I hear you are seeking a COO, a peer who can partner with you to write the next chapter in Uber’s journey. I applaud this. Uber’s culture is broken and you need help to fix it.Read More
I am a huge fan of the New York Times, but today’s article, “Uber Case Could Be A Watershed for Women in Tech,” really pissed me off.
Yes, it is absolutely true that many forms of harassment against women in the workplace have been going on forever, and yes it is true that sometimes, the individuals responsible for said harassment go unpunished. And it is also true that there are many bro-grammer cultures that can’t seem to figure out how to treat all employees fair and equally.Read More
This is the second part of a two-part series. You can read the first part, here.
As I said in the first part of this series, I’ve noticed tendencies in female founders that I think partially answer the question, Why aren’t more female founders funded? None of these tendencies are “bad,” by the way. Most contribute to our collective strengths as founders and business-builders. But they speak to a mismatch in assumptions between investors and entrepreneurs. They should not be avoided at all costs but rather noticed and accounted for when necessary.
Every time I sit down with a powerful working mom, I wrestle with whether to ask the “mom question.” I don’t want to be part of perpetuating a double standard by asking women in business a question that men are not asked. However, as a mom myself, I want to know the answer — How do they do it? What are their mom hacks? What can I learn from them?
When I first met YouTube CEO Susan Wojcicki, I was moderating a panel she was on for Harvard alums. We were both wrapping up our maternity leaves. She had just had her fifth child; I’d just had my second. We traded tips on maternity clothes and I peppered her with questions about how she finds her balance. Wojcicki was kindly very open and it’s advice from her and so many other amazing working women I’ve had the chance to meet, that’s helped me manage my own career and family — and helped me to believe that I CAN DO IT.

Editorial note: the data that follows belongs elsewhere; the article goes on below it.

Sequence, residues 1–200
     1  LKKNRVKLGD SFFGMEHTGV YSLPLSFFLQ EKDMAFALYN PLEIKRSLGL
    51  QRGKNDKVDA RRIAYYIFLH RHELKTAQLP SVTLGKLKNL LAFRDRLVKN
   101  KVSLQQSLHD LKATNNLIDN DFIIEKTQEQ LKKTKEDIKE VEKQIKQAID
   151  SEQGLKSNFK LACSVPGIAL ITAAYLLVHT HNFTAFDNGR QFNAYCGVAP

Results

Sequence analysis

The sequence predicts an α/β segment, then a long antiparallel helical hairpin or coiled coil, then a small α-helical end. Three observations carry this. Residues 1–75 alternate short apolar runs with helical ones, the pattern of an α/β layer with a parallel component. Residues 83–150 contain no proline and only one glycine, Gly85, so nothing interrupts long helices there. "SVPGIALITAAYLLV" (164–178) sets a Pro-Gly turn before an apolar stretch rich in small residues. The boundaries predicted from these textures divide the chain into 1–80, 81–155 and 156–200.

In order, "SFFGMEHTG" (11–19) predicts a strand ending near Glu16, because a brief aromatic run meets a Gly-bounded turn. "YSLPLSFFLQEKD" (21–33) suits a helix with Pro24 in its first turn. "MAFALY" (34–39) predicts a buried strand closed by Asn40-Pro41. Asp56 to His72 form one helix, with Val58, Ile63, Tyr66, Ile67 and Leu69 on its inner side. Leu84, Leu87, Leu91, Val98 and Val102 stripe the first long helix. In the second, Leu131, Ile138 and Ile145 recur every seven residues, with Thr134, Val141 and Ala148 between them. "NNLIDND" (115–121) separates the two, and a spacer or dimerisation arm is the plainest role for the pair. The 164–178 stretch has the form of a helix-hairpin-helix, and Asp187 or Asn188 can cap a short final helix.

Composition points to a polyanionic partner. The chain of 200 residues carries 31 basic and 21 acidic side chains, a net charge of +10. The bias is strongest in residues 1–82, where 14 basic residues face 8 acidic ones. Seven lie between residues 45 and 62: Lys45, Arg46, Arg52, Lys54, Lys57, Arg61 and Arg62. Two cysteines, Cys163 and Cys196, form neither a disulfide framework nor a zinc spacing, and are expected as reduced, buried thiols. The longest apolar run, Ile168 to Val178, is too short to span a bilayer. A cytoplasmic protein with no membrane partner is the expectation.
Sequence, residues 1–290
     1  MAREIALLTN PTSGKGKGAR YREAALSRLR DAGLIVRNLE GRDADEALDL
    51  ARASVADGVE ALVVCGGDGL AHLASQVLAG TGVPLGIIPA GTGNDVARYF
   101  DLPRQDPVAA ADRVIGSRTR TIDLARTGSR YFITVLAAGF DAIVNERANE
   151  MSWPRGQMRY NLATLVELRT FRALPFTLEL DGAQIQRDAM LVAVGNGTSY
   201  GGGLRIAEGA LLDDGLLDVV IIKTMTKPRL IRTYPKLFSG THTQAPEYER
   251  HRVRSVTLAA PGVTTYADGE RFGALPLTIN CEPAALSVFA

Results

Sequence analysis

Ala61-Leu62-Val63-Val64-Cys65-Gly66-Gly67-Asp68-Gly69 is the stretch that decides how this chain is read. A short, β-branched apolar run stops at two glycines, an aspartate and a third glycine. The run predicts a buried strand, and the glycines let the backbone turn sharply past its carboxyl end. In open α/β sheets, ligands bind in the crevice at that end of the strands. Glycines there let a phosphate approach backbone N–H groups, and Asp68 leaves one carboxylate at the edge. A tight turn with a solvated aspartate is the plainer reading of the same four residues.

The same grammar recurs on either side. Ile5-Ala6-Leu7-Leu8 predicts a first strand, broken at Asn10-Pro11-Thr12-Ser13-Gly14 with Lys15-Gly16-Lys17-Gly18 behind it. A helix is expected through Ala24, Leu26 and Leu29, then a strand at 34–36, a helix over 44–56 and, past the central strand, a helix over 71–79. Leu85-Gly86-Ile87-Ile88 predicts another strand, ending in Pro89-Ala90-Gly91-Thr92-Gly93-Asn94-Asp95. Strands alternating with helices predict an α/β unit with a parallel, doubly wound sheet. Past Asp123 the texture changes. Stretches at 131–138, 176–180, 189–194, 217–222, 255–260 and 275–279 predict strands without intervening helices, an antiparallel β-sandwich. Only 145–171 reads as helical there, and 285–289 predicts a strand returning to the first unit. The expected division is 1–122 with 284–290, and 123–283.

So, I’ve decided to ask women questions about parenting how and when I feel it is appropriate, and sometimes men too. On the day Yahoo announced the acquisition by Verizon, I spent the majority of the interview asking Yahoo CEO Marissa Mayer about running the business. At the end, I also asked about how motherhood has changed her approach to leadership, given that her parenting decisions (rightly or wrongly) became such a flashpoint in her tenure. She lit up as she talked about how amazing it’s been to watch her children learn and how much she has learned about herself in having them: “I love to work. I love to have an impact. I love to talk with them about it…and for me it’s really important to keep going.”
I am scared. About sharing my thoughts publicly. For the first time. And that’s unlike me. But engaging about women in tech is a minefield and so many choose to stay on the sidelines. Then three things happened (not including the nasty man’s behavior in the Presidential debate), all of which compelled me to write, all against the backdrop of having two daughters and many friends who are female founders, corporate execs and VCs.
The first incident is now known by many of us. A white male VC advised women to hide their gender online and in business communication in an OpEd in the WSJ. Sure what he is suggesting is repulsive, demeaning and would roll back women’s rights but that’s not the worst of it. This man actually thought he was helping women and he was so certain he chose not to get feedback before he posted. As expected he was excoriated and ultimately apologized.Read More
Laura Morton has an outstanding multimedia piece on The Silicon Valley Hustle in The New York Times that I’m embarrassed to say I’m just catching up with now. Her stark photos and captions are a cultural anthropologist’s dream. The photo we’re pointing to above is, we think, one of the most vivid images we’ve seen capturing the position of many women in the Valley. There’s way, way more in Morton’s piece; read and see the whole thing. (Thanks, Lee Anna, for the tip.)